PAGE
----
From the outset, Clift refused to play the studio game: He did not sign any long-term contracts and chose to work only on projects which intrigued him, like Red River. However, the film was so long in post-production that screen audiences instead got their first glimpse of him in Fred Zinneman's The Search, where unanimous praise for his sensitive, unsentimental, and Oscar-nominated performance made Clift among the hottest commodities in the business.

    He agreed to appear in three films for Paramount (only completing two): The first was William Wyler's 1949 adaptation of Henry James' The Heiress, with Billy Wilder's Sunset Boulevard scheduled to follow. At the last minute, Clift backed out of the project, however, to star in 20th Century Fox's 1950 war drama The Big Lift. Upon returning to Paramount, he starred in George Stevens' classic A Place in the Sun, earning a second Academy Award nomination for his performance opposite Elizabeth Taylor, who became his real-life confidante. Clift then disappeared from view for two years, coaxed out of self-imposed exile by Alfred Hitchcock to star in the 1953 thriller I Confess.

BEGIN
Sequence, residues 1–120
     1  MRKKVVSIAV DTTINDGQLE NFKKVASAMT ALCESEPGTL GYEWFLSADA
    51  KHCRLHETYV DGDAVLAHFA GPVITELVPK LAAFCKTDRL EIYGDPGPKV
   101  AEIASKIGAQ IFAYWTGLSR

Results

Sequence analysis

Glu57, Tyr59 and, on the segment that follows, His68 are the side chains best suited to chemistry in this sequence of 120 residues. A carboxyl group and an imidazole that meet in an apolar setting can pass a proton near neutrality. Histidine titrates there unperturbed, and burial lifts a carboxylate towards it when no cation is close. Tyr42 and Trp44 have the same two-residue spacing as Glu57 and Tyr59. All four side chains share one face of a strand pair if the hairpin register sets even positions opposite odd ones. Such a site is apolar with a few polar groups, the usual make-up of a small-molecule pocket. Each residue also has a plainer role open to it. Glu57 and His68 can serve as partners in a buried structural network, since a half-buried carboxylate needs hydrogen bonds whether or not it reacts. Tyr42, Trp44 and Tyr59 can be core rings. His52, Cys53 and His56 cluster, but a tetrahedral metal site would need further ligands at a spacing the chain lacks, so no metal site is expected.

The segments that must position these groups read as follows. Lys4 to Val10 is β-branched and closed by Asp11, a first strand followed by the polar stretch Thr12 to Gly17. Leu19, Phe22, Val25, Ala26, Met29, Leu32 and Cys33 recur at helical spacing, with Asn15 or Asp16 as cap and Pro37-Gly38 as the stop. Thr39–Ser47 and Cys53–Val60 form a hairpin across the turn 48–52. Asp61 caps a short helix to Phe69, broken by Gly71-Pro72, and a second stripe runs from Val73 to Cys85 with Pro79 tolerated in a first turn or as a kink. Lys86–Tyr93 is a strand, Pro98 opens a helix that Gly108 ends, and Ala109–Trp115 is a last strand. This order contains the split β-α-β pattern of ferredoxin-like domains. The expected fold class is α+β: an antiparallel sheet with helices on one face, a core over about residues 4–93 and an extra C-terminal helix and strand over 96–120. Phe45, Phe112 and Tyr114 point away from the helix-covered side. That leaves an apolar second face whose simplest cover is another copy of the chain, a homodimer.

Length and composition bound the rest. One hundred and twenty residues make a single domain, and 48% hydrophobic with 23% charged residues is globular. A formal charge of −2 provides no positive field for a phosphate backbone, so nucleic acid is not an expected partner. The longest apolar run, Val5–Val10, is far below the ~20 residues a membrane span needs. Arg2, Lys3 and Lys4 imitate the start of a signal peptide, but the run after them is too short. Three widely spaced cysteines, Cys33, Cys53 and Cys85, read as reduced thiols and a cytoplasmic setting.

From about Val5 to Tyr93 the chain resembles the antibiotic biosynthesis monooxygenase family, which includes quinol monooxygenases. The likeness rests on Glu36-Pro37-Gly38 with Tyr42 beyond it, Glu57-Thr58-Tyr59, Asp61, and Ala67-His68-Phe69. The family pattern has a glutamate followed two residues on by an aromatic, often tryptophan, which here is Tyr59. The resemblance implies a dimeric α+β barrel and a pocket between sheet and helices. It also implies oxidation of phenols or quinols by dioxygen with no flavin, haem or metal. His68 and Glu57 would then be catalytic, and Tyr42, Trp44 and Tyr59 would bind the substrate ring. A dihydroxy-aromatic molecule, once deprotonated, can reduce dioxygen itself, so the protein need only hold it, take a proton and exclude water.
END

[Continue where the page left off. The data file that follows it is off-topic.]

For Zinnemann, Clift next starred in the war epic From Here to Eternity; the film was the biggest success of his career, earning him another Best Actor bid (one of the movie's 13 total nominations; it took home eight, including Best Picture). After headlining Vittorio De Sica's Stazione Termini, Clift returned to Broadway to appear in The Seagull; in order to commit to the project, he needed to turn down any number of screen offers, including On the Waterfront and East of Eden. In total, he was away from cinema for four years, not resurfacing prior to the 1957 smash Raintree County; its success re-established him among Hollywood's most popular stars, but offscreen Clift's life was troubled. Being bisexual in Hollywood in those years wasn't deemed to be great box office by the homophobic times. Tragedy struck when a horrific auto accident left him critically injured. He gradually recovered, but his face was left scarred and partially paralyzed. Still, Clift continued performing, delivering performances informed by even greater depth and pathos than before. His first project in the wake of the accident was 1958's The Young Lions, his first and only collaboration with Marlon Brando.